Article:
At a time when the west sorely needs to have a comprehensive nuclear agreement with Iran, the advice from George F. Kennan to the current American leadership is quite opportune. Frank Costigiliola in his New York Times (22 February 2014) column “What Would George F. Kennan say to Obama” has said that Kennan believed that the wisest foreign policy limited military intervention abroad while affording hard-headed diplomacy.

Against the backdrop of negligible progress in concluding a permanent nuclear agreement with Iran to replace the interim one of November last, Kennan’s emphasis on diplomacy and soft power looks more pragmatic as he propounds that these instruments are most cost-effective in influencing a rival’s intentions.

One may prudently recall the past history of bilateral relations between the U.S. and Iran before suggesting a more viable way to normalize them let alone advising on how the nuclear deal can be expedited. The hopes for nuclear deal have been ambitiously raised in the aftermath of conciliatory UN speech in September 2014 by the incumbent Iranian president.

It is certain that the people of Iran require reassurance in the form of respect for their prestige, who nurture both pride in their history and resentment of their humiliations, such as the CIA-orchestrated overthrow of their elected leader, Mohammad Mossadegh, in 1953.

There is no doubt that an internationally-verifiable and acceptable comprehensive nuclear agreement with Iran is essential to stop Iran from becoming a nuclear weapon power. Nonetheless, Iran deserves to be recognized as an NPT non-military nuclear power. Once again Kennan’s counsel that a settlement resented as unfair would be undermined by overt or covert resistance is still worthy of consideration. The controversial 1950 Indo-Nepal Treaty of Friendship is not an exception either.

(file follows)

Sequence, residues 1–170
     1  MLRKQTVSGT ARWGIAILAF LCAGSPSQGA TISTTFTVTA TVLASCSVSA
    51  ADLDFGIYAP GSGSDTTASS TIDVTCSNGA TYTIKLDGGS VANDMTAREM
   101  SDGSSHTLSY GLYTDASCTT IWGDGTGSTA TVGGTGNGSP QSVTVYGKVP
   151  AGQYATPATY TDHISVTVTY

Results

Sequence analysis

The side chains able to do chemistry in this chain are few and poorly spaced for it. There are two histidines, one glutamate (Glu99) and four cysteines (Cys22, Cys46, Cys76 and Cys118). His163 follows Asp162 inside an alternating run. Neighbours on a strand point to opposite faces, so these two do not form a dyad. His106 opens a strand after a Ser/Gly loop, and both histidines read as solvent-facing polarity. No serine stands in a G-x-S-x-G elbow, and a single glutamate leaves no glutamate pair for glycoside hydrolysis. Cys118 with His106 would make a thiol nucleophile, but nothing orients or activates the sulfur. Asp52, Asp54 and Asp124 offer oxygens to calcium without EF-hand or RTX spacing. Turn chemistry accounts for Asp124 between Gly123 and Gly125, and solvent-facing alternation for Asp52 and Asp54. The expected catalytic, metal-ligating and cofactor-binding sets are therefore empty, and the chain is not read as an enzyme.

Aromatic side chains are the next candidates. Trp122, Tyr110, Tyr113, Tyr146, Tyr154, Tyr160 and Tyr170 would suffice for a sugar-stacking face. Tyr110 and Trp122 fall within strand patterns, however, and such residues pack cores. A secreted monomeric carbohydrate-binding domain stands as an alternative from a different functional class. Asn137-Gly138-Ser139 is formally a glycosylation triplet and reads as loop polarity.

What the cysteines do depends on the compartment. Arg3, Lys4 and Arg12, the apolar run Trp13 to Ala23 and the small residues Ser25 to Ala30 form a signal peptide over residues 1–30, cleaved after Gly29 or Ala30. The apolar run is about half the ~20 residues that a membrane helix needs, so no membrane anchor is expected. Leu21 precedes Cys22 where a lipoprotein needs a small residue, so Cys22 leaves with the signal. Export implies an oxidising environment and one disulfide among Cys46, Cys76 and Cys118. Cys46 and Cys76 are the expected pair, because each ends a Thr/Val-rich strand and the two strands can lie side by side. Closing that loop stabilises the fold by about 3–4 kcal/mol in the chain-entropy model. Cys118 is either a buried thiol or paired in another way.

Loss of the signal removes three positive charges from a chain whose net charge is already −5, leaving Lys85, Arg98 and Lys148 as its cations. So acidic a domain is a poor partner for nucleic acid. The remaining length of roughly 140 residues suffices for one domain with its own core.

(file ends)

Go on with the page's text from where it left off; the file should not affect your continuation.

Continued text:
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Containment Doctrine Revisited

 

The ongoing crisis in Ukraine has deeper ramifications for the post WWII world order. Coincidentally, the adventurism reflected in Russia’s annexation of Crimea, a territory of a neighboring Ukraine has occurred at a time when the international community looks forward to view in retrospect, the hundredth anniversary of the bloodiest war of the century.

Christopher R. Hills, the dean of political science, Harvard University has succinctly remarked in his project-analysis essay “The end of world order” that the bedrock of the foreign policy embraced by the global leaders in the aftermath of the II World War (1939-45) has crumbled following accusation of a nation state’s sovereignty by another powerful neighbor.

The doyen of American foreign policy George F. Kennan, who is widely considered to be the main architect of West’s containment policy of Cold War era, has been quoted by Robert Skidelsky in his latest article “Kennan’s Revenge” carried by project-analysis. Kennan in 1996 commented that NATO’s   expansion into former Soviet territory was a “strategic blunder of potentially epic proportions”. This demonstrates the fallacy of western policy vis-à-vis Russia, which has also contributed to Putin’s revanchist approach in its dealing with Ukraine.